In combination reactions, two substances, either elements or compounds, react to produce a single compound. One type of combination reaction involves two elements. Most metals react with most nonmetals to form ionic compounds. The products can be predicted from the charges expected for cations of the metal and anions of the nonmetal. For example, the product of the reaction between aluminum and bromine can be predicted from the following charges: 3+ for aluminum ion and 1− for bromide ion. Since there is a change in the oxidation numbers of the elements, this type of reaction is an oxidation–reduction reaction:
2Al (s) + 3Br2 (g) → 2AlBr3 (s)
Similarly, a nonmetal may react with a more reactive nonmetal to form a covalent compound. The composition of the product is predicted from the common oxidation numbers of the elements, positive for the less reactive and negative for the more reactive nonmetal (usually located closer to the upper right side of the Periodic Table). For example, sulfur reacts with oxygen gas to form gaseous sulfur dioxide:
S8 (s) + 8O2 (g) → 8SO2 (g)
A compound and an element may unite to form another compound if in the original compound, the element with a positive oxidation number has an accessible higher oxidation number. Carbon monoxide, formed by the burning of hydrocarbons under conditions of oxygen deficiency, reacts with oxygen to form carbon dioxide:
2CO (g) + O2 (g) → 2CO2 (g)
The oxidation number of carbon changes from +2 to +4 so this reaction is an oxidation–reduction reaction.
Two compounds may react to form a new compound. For example, calcium oxide (or lime) reacts with carbon dioxide to form calcium carbonate (limestone):
CaO (s) + CO2 (g) → CaCO3 (s)
When a compound undergoes a decomposition reaction, usually when heated, it breaks down into its component elements or simpler compounds. The products of a decomposition reaction are determined largely by the identity of the anion in the compound. The ammonium ion also has characteristic decomposition reactions.
A few binary compounds decompose to their constituent elements upon heating. This is an oxidation–reduction reaction since the elements undergo a change in oxidation number. For example, the oxides and halides of noble metals (primarily Au, Pt, and Hg) decompose when heated. When red solid mercury(II) oxide is heated, it decomposes to liquid metallic mercury and oxygen gas:
2HgO (s) → 2Hg (l) + O2 (g)
Some nonmetal oxides, such as the halogen oxides, also decompose upon heating:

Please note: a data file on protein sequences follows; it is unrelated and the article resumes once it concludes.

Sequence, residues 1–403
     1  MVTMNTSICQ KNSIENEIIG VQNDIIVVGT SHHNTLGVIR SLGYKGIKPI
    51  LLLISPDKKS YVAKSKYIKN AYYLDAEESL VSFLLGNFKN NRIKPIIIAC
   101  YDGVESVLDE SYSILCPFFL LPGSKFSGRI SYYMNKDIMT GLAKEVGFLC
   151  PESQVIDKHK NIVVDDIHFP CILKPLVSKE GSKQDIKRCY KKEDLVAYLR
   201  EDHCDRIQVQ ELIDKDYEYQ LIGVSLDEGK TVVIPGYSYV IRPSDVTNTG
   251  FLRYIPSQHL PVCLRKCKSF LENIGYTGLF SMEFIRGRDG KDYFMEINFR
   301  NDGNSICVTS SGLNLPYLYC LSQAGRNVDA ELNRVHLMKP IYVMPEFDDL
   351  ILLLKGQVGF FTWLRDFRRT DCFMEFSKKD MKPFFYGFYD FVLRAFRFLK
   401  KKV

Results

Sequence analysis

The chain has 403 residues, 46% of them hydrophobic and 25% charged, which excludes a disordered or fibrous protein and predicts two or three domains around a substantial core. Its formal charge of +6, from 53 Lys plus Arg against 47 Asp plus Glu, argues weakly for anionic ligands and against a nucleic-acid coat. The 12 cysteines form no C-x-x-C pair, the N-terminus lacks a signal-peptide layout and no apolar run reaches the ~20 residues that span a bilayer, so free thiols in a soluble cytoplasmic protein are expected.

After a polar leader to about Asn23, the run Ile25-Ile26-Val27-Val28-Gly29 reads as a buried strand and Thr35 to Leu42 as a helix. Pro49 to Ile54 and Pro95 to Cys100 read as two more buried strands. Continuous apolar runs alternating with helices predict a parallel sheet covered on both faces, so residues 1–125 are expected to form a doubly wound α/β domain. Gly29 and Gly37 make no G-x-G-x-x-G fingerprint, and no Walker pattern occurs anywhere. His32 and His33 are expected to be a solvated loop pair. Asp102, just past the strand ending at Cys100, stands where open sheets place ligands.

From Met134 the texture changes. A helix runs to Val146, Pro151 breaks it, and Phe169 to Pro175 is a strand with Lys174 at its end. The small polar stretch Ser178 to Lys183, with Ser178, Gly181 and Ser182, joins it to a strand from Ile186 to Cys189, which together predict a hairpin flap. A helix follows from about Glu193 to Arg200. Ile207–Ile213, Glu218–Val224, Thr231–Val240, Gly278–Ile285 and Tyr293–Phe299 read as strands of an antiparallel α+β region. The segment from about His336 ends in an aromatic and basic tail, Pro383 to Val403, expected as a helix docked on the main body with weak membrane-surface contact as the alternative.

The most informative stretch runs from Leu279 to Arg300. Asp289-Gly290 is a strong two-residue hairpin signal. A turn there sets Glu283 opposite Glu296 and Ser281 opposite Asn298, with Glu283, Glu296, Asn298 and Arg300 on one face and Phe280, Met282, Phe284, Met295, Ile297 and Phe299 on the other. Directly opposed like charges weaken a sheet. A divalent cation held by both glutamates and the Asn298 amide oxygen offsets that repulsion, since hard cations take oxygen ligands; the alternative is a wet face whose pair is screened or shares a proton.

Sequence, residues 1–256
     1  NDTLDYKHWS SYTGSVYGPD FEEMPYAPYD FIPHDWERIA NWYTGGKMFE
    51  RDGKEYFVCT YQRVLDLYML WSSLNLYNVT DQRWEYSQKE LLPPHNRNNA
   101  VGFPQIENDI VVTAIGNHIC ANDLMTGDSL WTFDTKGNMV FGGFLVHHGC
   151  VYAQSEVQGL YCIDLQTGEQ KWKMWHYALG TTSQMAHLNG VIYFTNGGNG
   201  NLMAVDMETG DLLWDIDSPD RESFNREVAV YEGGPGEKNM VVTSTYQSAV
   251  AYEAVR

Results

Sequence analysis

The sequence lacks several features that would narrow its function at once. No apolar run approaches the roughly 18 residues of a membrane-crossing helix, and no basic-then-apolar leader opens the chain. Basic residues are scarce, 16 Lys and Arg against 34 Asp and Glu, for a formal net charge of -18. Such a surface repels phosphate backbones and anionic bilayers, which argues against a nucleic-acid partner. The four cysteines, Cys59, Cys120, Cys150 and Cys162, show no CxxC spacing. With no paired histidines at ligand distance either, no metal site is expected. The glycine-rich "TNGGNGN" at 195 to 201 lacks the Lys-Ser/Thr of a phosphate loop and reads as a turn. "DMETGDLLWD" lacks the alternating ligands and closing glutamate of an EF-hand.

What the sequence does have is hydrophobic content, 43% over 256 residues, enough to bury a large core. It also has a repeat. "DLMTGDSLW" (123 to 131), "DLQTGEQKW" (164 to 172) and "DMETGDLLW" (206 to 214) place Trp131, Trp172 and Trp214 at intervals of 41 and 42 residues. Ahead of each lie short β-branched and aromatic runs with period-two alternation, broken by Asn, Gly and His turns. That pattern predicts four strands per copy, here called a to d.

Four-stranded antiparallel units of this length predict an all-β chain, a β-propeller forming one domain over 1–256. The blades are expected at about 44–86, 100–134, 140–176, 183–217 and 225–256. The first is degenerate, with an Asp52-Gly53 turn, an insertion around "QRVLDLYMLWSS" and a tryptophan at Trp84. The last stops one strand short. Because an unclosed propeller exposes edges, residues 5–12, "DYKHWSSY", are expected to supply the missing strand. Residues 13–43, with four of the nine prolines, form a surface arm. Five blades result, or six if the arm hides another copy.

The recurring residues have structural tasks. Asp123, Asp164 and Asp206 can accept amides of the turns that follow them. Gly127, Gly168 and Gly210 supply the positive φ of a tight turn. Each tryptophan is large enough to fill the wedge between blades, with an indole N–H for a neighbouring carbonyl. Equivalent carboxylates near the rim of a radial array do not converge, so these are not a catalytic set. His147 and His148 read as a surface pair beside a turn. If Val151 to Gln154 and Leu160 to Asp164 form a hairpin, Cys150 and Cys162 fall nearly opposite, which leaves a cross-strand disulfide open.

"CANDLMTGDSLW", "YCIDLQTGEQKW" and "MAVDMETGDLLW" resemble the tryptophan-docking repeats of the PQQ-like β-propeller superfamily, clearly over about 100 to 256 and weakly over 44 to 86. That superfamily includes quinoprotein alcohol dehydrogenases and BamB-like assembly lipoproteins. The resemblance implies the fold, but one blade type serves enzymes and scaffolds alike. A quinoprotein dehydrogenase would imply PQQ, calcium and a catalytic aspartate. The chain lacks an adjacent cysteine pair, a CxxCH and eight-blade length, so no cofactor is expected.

2Cl2O5 (g) → 2Cl2 (g) + 5O2 (g)
Other nonmetal oxides, such as dinitrogen pentoxide, decompose to an element and a compound:
2N2O5 (g) → O2 (g) + 4NO2 (g)
Many metal salts containing oxoanions decompose upon heating. These salts either give off oxygen gas, forming a metal salt with a different nonmetal anion, or they give off a nonmetal oxide, forming a metal oxide. For example, metal nitrates containing Group 1A or 2A metals or aluminum decompose to metal nitrites and oxygen gas:
Mg(NO3)2 (s) → Mg(NO2)2 (s) + O2 (g)
All other metal nitrates decompose to metal oxides, along with nitrogen dioxide and oxygen:
2Cu(NO3)2 (s) → 2CuO (s) + 4NO2 (g) + O2 (g)
Salts of the halogen oxoanions decompose to halides and oxygen upon heating:
2KBrO3 (s) → 2KBr (s) + 3O2 (g)
Carbonates, except for those of the alkali metals, decompose to oxides and carbon dioxide.
CaCO3 (s) → CaO (s) + CO2 (g)
A number of compounds—hydrates, hydroxides, and oxoacids—that contain water or its components lose water when heated. Hydrates, compounds that contain water molecules, lose water to form anhydrous compounds, free of molecular water.
CaSO4 · 2H2O (s) → CaSO4 (s) + 2H2O (g)
Metal hydroxides are converted to metal oxides by heating:
2Fe(OH)3 (s) → Fe2O3 (s) + 3H2O (g)
Most oxoacids lose water until no hydrogen remains, leaving a nonmetal oxide:
H2SO4 (l) → H2O (g) + SO3 (g)
Oxoanion salts that contain hydrogen ions break down into the corresponding oxoanion salts and oxoacids:
Ca(HSO4)2 (s) → CaSO4 (s) + H2SO4 (l)
Finally, some ammonium salts undergo an oxidation–reduction reaction when heated. Common salts of this type are ammonium dichromate, ammonium permanganate, ammonium nitrate, and ammonium nitrite. When these salts decompose, they give off nitrogen gas and water.
(NH4)2Cr2O7 (s) → Cr2O3 (s) + 4H2O (g) + N2 (g)
2NH4NO3 (s) → 2N2 (g) + 4H2O (g) + O2 (g)
Ammonium salts, which do not contain an oxidizing agent, lose ammonia gas upon heating:
(NH4)2SO4 (s) → 2NH3 (g) + H2SO4 (l)
In a single-displacement reaction, a free element displaces another element from a compound to produce a different compound and a different free element. A more active element displaces a less active element from its compounds. These are all oxidation–reduction reactions. An example is the thermite rea
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